'For me the experience of supervision keeps me in touch with what's happening on the ground in schools for Aboriginal students. As a community psychologist I'm really interested in the systemic factors that impact on students and staff in schools.'

'The most valuable aspect of my supervision has been a deepening of my understanding of the everyday issues which Aboriginal children and young people face when they are away from Country. Their connections to their community may be both a strength and a strain when they are far away.'

'I have also learnt how much work needs to be done in schools to prepare the way for a program such as Yalari. The extent of unthinking racism from well-meaning students in good schools has shocked me.'

'I have been amazed at the amount of casual racism experienced by the students my School Support Officer sees. I wonder what teaching materials the schools could be directed to in preparation for taking students.'

'The issue of racism only surfaced as we talked – but it certainly was/is something in the background. She is not able to bring it to the foreground (but was able to in our sharing time) because of the need for diplomacy in her position in the school.'

'The most valuable aspect of the Yalari supervision experience for me has been knowing that I am supporting a process in the community in which I live, that will benefit young Aboriginal students. In this rural town there is still racism and a general lack of acceptance, but with organisations like Yalari we can make a change. I am committed to walking through life and work with my fellow Aboriginal colleagues and I feel a part of the process of change in doing so.'

From our experience of the Yalari partnership, the ATSIPP Interest Group would encourage other APS Member Groups to look favourably at any similar volunteering opportunities that might come their way. The voluntary contributions of our members have been outstanding, and they have clearly been enriched by their contact with the Student Support Officers, to the point that it has really been a source of professional development for them over and above the contribution they have been able to make to the program.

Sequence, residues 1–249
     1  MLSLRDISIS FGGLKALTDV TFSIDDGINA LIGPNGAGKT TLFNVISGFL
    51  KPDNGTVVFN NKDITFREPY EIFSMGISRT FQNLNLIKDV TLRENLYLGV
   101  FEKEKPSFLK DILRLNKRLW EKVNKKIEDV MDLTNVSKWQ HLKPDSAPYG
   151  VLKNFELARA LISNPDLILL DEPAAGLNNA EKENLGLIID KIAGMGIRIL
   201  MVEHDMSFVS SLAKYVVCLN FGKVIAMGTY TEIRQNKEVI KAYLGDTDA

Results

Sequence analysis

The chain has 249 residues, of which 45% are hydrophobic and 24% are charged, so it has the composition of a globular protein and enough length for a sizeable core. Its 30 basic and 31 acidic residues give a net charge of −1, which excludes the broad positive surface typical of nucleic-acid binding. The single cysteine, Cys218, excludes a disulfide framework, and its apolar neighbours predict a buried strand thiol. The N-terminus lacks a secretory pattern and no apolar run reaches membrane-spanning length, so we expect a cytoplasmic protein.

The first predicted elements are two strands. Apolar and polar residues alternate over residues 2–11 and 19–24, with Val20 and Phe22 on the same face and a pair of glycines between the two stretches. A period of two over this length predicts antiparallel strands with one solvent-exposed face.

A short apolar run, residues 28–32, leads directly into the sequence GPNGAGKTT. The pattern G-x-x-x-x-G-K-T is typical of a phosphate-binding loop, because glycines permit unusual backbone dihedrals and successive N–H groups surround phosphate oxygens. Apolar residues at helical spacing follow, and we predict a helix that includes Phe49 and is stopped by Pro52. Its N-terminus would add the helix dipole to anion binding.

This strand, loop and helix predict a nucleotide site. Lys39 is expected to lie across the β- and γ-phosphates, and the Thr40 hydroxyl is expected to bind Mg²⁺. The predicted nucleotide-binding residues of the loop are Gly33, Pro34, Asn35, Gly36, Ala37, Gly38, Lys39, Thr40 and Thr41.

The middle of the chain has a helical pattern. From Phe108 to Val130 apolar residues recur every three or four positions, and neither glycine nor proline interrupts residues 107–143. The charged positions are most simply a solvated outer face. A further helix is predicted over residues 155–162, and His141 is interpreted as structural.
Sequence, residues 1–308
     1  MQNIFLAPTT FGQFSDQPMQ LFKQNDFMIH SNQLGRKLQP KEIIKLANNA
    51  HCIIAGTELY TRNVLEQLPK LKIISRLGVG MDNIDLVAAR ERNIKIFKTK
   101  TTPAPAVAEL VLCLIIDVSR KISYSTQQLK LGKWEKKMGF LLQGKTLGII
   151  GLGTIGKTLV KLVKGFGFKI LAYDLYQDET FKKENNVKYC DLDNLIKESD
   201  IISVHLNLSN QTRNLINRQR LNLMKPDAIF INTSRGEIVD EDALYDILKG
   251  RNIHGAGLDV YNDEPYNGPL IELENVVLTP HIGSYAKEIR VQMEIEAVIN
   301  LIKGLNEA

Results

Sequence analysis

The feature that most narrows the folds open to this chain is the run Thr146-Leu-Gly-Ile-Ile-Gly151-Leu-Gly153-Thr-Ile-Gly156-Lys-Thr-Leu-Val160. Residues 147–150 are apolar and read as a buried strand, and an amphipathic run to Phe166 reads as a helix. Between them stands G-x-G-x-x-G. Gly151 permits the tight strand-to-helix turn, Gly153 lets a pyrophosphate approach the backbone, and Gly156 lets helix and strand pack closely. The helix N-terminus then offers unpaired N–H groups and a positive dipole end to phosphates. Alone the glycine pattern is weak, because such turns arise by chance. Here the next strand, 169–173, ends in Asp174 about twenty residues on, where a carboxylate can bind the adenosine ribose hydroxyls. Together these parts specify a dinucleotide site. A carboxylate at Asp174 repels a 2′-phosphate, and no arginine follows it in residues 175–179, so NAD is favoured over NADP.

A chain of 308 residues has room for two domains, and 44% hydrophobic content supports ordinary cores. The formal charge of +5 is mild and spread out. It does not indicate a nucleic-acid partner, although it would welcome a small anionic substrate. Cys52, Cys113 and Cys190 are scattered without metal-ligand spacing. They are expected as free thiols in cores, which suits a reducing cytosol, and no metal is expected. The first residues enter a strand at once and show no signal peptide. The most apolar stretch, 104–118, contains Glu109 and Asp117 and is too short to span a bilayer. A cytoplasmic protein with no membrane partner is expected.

We have also learned some valuable lessons in terms of managing the expectations of the volunteers as they navigate the complexities of their roles alongside those of the SSOs and the lives of the Aboriginal and Torres Strait Islander students themselves. In addition, we are also learning that ensuring sustainability for the long term is perhaps the biggest challenge of all for a project like Yalari (and other such organisations working in this important yet complex area) and a partnership based on the good will of volunteers and over-stretched, under-resourced workers.

The authors can be contacted at stephen.meredith2@health.sa.gov.au and ryan.kelleigh@gmail.com


Disclaimer: Published in InPsych on April 2014. The APS aims to ensure that information published in InPsych is current and accurate at the time of publication. Changes after publication may affect the accuracy of this information. Readers are responsible for ascertaining the currency and completeness of information they rely on, which is particularly important for government initiatives, legislation or best-practice principles which are open to amendment. The information provided in InPsych does not replace obtaining appropriate professional and/or legal advice.